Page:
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“It’s the most wonderful time of the year”, according to the song, but for very many of us, Christmas is fraught with tension, expectations, even mental health difficulties – none of which we see in the snow-covered happy-family adverts and festive films.
How should all of us ensure that we can cope with whatever the Christmas and New Year holiday season throws at us? Here’s a run-down of the typical festive flashpoints, and how we might manage this better:
Managing Expectations around a first non-lockdown Christmas
Many people find Christmas difficult because of the unspoken expectation that we should be full of happiness and joy, and spending time with a family we love. This can leave many people feeling isolated or ashamed that they don't experience the joy, or that they have a less-than-perfect relationship with family. For single people or anyone who has experienced loss, break-up, or bereavement, the sense of isolation can be magnified over the Christmas period.
This year, however, there is an added pressure of this being the first Christmas where we can socialise semi-normally, and be with friends and family. This brings can bring an expectation that Christmas should be extra special or perfect. Notice any pressure – from self or others – around “having the perfect Christmas”. Remind yourself that you will have as good a day as possible and that there is no such thing as perfect: things will go wrong, people won’t always be happy, but you can still have a great Christmas.
Trying to see Everyone
“We must get together before Christmas” is a phrase most of us dread. The December period brings an expectation that we should be able to see everyone. Limit yourself to a realistic number of pre-Christmas drinks and dinners. Remind yourself it’s perfectly possible to see people in January. Don’t be frightened to tell extended family members that it might not be possible to see them on the day itself. Schedule a Zoom call and see them over “Zoom drinks”, or embrace the post-Christmas get-together.
Over-spending on Presents
Buying presents is an integral part of Christmas. However, over-spending is at the top of most people’s Christmas worry list. Set a strict limit of who you are going to buy for, and what the maximum spend is. Agree in advance with neighbours and colleagues at work that you don’t need to buy presents for each other. Give a Christmas card or make a plan to have a drink in the New Year.
Over-Indulging on Food and Drink
This is a tricky one! A huge part of Christmas is the party food, the mulled wine, the mince pies, the sweet cocktails we probably don’t drink at any other time of year. There’s nothing wrong with indulging, but it makes sense to try and have a few days off alcohol or festive food, in the run-up to Christmas. Alcohol is a depressant. It interferes with our sleep and depletes the brain chemicals such as serotonin, which reduce depression and anxiety. A few abstinent days will really help you enjoy Christmas all the more.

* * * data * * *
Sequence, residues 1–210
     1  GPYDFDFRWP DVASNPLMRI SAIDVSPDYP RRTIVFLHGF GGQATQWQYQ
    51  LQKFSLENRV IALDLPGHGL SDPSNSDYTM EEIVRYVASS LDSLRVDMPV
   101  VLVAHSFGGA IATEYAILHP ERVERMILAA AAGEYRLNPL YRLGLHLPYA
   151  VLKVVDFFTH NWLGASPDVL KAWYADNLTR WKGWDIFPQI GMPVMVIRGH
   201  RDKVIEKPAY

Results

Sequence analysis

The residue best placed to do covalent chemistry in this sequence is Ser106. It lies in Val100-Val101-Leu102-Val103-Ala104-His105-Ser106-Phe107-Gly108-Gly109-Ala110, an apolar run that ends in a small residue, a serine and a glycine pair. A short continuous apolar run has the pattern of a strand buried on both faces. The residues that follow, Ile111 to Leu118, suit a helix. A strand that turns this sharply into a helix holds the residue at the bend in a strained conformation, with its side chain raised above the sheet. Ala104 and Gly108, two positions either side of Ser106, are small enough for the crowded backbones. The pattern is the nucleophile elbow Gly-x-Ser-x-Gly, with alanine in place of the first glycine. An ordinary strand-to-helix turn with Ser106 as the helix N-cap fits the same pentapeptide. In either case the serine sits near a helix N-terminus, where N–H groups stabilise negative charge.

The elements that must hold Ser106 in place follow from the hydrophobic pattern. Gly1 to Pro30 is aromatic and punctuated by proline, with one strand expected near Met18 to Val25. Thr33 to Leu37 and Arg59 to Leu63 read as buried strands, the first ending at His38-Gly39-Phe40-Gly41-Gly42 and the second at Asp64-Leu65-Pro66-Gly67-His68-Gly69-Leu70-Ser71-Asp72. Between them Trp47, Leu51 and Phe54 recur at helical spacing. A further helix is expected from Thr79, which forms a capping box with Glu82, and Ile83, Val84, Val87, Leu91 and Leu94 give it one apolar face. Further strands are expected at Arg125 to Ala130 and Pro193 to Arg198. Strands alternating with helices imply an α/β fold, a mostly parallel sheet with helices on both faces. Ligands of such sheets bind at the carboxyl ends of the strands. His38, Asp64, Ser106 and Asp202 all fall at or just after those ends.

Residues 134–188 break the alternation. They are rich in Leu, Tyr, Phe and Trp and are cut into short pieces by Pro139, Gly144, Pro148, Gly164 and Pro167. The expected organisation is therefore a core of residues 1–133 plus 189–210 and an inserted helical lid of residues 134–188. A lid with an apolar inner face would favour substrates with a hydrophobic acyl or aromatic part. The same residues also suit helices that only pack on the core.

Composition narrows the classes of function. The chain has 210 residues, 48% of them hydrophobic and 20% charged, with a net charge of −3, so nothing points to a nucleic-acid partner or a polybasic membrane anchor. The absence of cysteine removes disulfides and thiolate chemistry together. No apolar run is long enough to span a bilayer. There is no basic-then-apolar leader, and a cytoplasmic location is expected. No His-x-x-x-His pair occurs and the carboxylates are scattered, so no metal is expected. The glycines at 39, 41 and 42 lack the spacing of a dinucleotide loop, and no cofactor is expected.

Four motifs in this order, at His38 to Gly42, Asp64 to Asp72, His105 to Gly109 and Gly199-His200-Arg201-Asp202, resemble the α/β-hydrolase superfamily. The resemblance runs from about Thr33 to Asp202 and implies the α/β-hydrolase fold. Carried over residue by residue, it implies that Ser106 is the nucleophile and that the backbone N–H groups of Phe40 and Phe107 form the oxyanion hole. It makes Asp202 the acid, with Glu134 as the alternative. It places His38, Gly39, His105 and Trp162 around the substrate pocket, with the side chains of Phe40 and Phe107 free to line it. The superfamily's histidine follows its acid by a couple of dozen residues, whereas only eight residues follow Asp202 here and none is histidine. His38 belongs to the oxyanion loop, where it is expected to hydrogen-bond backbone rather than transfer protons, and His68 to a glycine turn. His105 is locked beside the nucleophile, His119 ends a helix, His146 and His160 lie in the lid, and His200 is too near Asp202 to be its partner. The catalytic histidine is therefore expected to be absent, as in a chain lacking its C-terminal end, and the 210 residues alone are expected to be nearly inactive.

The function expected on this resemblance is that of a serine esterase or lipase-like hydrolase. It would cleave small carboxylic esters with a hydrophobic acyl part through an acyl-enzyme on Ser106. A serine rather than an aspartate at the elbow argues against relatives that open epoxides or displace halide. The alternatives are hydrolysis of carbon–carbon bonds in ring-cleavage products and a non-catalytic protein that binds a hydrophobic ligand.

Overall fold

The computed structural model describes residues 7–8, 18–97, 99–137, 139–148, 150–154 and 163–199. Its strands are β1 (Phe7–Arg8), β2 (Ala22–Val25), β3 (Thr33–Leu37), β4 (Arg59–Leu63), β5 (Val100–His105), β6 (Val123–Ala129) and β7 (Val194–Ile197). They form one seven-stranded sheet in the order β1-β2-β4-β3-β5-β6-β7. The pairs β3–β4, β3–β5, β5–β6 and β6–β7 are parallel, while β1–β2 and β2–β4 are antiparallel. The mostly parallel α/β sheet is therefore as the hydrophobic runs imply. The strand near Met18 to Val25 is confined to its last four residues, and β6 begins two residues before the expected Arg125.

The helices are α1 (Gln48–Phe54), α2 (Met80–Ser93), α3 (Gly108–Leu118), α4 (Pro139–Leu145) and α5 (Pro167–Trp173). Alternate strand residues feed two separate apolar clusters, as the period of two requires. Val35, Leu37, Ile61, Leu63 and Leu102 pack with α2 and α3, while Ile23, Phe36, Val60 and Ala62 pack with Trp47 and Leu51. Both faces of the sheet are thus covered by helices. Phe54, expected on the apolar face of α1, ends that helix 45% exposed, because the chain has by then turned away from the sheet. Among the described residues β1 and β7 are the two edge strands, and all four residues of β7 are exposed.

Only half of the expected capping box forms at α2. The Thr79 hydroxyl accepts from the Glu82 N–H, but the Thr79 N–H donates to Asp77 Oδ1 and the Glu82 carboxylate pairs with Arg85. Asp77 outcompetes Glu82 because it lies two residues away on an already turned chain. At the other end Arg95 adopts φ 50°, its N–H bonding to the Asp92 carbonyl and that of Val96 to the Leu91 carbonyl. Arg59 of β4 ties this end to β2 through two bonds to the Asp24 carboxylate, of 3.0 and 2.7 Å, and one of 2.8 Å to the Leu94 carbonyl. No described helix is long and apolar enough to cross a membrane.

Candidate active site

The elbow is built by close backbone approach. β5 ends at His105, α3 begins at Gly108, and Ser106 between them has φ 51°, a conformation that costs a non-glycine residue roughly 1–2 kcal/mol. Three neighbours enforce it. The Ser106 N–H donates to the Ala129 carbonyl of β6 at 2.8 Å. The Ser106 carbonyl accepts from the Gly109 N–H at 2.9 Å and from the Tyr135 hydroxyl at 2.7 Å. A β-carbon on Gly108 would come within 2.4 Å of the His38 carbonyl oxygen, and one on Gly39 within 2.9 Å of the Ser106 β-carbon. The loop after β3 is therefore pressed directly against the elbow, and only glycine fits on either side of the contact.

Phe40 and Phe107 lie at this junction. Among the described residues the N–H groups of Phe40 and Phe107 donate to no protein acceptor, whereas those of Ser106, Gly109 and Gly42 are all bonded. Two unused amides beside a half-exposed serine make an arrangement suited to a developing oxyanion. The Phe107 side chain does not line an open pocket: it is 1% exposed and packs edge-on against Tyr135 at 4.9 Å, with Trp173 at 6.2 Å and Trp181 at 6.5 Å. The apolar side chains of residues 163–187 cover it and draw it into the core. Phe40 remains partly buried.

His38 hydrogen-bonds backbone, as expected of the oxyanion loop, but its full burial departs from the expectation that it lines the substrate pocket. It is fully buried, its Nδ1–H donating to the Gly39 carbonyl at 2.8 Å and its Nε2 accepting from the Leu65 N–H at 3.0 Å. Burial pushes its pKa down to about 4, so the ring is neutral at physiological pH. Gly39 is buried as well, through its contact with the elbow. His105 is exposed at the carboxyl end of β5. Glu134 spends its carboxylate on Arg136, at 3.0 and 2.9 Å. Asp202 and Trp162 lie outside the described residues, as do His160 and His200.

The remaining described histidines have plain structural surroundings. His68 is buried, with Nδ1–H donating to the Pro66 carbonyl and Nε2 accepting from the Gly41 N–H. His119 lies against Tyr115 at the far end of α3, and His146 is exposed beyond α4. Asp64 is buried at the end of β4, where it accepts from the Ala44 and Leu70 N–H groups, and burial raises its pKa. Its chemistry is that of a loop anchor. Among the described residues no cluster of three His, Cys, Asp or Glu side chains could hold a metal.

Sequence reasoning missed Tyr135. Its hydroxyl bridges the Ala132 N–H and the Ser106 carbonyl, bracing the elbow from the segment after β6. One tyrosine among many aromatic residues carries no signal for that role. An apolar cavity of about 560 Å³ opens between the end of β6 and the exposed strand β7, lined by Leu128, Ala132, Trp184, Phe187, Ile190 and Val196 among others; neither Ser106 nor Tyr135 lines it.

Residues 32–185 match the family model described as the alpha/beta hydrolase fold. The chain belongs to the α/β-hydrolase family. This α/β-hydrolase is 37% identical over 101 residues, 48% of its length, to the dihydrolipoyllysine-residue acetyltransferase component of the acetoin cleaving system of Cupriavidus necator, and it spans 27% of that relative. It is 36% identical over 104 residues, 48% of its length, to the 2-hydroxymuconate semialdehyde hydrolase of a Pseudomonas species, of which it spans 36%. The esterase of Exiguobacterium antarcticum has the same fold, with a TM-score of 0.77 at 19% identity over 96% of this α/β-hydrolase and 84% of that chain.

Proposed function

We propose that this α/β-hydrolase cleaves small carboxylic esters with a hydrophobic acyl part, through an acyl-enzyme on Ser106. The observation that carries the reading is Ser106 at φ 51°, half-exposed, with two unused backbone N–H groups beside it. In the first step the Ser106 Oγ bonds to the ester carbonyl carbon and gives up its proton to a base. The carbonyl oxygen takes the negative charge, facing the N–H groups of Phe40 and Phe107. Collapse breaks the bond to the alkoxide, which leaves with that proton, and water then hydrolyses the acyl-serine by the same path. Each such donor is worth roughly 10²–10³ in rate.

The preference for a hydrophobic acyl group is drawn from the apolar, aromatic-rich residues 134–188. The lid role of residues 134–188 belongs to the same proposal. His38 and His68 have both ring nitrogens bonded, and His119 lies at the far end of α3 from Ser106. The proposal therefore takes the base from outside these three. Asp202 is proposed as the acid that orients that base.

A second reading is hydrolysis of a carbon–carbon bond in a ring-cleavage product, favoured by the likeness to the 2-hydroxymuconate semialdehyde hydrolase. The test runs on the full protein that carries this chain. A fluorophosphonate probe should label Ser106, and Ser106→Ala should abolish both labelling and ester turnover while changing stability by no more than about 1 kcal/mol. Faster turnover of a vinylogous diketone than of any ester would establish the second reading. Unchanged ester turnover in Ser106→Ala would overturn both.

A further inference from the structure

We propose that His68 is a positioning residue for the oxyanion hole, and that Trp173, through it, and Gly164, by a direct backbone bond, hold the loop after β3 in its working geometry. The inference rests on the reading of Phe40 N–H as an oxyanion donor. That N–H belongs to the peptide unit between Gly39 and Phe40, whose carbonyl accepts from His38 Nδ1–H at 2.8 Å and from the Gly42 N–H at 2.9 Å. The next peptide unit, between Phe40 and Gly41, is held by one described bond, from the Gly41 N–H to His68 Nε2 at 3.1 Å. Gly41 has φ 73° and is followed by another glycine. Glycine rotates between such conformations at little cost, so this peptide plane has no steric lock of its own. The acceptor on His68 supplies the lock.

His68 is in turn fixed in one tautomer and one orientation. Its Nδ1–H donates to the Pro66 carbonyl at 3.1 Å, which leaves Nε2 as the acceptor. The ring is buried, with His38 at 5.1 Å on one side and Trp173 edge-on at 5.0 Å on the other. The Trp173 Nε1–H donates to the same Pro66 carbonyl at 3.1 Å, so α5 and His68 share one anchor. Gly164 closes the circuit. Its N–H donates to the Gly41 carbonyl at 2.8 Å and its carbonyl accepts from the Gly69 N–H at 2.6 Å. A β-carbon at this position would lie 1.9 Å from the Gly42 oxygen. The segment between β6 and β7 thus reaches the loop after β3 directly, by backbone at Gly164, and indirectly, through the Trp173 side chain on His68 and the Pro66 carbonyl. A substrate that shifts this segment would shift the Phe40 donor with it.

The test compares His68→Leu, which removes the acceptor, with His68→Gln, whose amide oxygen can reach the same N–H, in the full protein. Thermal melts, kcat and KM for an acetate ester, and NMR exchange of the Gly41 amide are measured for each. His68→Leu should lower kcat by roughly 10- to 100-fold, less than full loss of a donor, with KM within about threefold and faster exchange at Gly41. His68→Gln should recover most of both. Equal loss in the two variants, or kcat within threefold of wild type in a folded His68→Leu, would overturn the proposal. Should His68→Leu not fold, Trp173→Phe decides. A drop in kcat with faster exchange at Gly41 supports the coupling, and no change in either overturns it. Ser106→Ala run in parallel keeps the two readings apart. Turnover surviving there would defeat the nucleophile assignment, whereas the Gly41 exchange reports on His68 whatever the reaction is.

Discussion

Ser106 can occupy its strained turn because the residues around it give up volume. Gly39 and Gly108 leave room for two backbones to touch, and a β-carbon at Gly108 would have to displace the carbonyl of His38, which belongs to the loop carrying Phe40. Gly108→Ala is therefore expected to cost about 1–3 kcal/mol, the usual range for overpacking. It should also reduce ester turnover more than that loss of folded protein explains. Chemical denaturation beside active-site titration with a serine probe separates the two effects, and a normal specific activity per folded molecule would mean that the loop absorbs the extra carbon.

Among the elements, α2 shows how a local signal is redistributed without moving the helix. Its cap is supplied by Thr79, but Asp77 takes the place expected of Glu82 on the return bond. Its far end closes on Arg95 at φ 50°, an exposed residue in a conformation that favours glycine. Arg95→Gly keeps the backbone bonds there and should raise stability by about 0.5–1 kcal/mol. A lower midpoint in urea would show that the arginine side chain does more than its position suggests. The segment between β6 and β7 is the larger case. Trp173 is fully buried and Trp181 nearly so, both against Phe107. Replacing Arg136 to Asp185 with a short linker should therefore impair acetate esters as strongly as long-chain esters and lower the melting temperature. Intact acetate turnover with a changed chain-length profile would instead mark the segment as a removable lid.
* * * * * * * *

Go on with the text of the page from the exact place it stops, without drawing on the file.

Good Boundaries around Work
After three lockdowns and an extended period of working from home, it’s hard to create a healthy separation between work and home. During the Christmas period, it’s important to be clear which days are working days – even just checking emails or phoning in – and which days are non-working days. Set out clearly in work and home diaries which are the holiday dates and remind colleagues and co-workers that you won’t be available. Let your family know when you are working and reassure them that you will be finished to join the festivities. That’s not to say that you can’t socialise with your colleagues. After all, they’re friends, too! Hop on Tahora to connect with your team and create meaningful connections over the Christmas period.
Go for a Walk
The weather’s often cold and wet, or snowy, even. It’s dark by 3pm and very few of us have the motivation to exercise. Yet exercise can be one of the best stress relievers and certainly help offset the extra food and drink. If you’re finding the Christmas period hard to cope with, and your gym or exercise class might be shut or not happening, go for a walk. A brisk twenty-minute walk around the block will re-energise you and help your body naturally shed some of the stress of being in the house with all the pressures of Christmas.
Ask for Help
It’s perfectly normal to find Christmas difficult. It’s also not unusual to feel a little down at this time of year, with the expectations of Christmas and New Year, and the short winter days.
If you’re struggling with anxiety and depression, be mindful of the difficulties of this time of year. Seek professional help if you’re really struggling. The UKCP – United Kingdom Council for Psychotherapy, or BACP – British Association for Counselling & Psychotherapy – are the professional bodies for Psychotherapists and Counsellors, and can their websites can direct you to mental health professionals in your area.